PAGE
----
Magnetic Resonance Imaging and Magnetic Resonance Spectroscopy Cloud Computing Framework

Magnetic Resonance Imaging and Magnetic Resonance Spectroscopy Cloud Computing Framework

Charalampos Tsirmpas (Biomedical Engineering Laboratory, School of Electrical and Computer Engineering, Division of Information Transmission Systems and Material Technology, National Technical University of Athens, Athens, Greece), Kostas Giokas (Biomedical Engineering Laboratory, School of Electrical and Computer Engineering, Division of Information Transmission Systems and Material Technology, National Technical University of Athens, Athens, Greece), Dimitra Iliopoulou (Biomedical Engineering Laboratory, School of Electrical and Computer Engineering, Division of Information Transmission Systems and Material Technology, National Technical University of Athens, Athens, Greece) and Dimitris Koutsouris (Biomedical Engineering Laboratory, School of Electrical and Computer Engineering, Division of Information Transmission Systems and Material Technology, National Technical University of Athens, Athens, Greece)
Copyright: © 2012 |Pages: 12
DOI: 10.4018/ijrqeh.2012100101
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Abstract

Magnetic Resonance Imaging (MRI) and Magnetic Resonance Spectroscopy (MRS) are two non-invasive techniques that are increasingly being used to identify and quantify biochemical markers associated with certain diseases, e.g., choline in the case of cancer. The associating of MRI/MRS images, patient’s electronic health record, genome information, and environmental factors increase the precision of diagnosis and treatment. The authors present a collaboration framework based on Cloud Computing which allows analysis of MRI/MRS data based on advanced mathematical tools, advanced combination, and link discovery between different data types, so as to increase the precision and consequently avoid non-appropriate therapy and treatment plans.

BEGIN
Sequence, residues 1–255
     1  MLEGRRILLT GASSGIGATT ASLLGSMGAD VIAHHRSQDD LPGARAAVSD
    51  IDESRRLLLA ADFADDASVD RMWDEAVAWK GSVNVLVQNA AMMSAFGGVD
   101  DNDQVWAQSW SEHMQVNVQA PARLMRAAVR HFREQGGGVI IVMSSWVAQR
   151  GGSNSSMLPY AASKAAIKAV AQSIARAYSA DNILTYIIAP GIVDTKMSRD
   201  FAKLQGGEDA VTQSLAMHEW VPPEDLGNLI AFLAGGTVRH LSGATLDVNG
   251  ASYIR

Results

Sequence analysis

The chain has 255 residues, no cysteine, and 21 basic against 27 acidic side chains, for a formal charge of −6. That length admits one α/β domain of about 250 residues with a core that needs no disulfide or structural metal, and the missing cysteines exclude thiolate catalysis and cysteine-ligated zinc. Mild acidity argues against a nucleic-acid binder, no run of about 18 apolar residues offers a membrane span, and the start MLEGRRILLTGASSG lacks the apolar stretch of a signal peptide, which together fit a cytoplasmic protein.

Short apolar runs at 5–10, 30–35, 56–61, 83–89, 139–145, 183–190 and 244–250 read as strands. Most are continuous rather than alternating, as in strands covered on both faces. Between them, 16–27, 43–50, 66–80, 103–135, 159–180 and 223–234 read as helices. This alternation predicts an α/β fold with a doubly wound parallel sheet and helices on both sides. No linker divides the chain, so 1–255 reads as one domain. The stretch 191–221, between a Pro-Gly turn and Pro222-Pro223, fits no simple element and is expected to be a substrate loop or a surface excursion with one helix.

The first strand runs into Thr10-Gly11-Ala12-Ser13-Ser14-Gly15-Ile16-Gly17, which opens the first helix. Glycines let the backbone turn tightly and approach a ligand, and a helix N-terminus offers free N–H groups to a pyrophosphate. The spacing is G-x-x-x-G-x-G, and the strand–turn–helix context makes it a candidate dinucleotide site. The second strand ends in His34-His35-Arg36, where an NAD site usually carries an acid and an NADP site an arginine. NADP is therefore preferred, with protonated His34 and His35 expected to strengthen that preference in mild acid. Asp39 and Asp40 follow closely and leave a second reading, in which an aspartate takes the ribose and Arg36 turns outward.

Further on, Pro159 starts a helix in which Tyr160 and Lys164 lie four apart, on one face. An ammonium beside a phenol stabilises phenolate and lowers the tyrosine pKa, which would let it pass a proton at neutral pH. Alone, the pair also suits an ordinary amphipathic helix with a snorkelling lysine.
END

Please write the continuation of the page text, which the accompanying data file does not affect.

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Prostate And Breast Cancer

Prostate cancer is the most frequently diagnosed cancer and the second leading cause of cancer death among men in the U.S. In 2010, it accounted for 217,000 (28% of the total) new cases, and 32,000 deaths. The incidence for prostate cancer has fluctuated considerably in 1975-1995, and much less since. The reasons for this are not clear, with studies on screening producing conflicting results (Eheman et al., 2012; Jemal, Siegel, Xu, & Ward, 2010)

In Europe the incidence is lower than that of the U.S. and Canada; however, there exist large disparities between different European countries. In the developing world the incidence rates are significantly lower, due to the fact that prostate cancer is a disease of the elderly. The late onset of the disease and its slow progression combined with the low life expectancy in the developing world make prostate cancer less of a concern in these countries. However, the aging of the population in the Western world, the rising of the middle class in countries such as China, and the associated increase in life expectancy suggest that prostate cancer will be a major health concern in the 21st century (Quinn & Babb, 2002).

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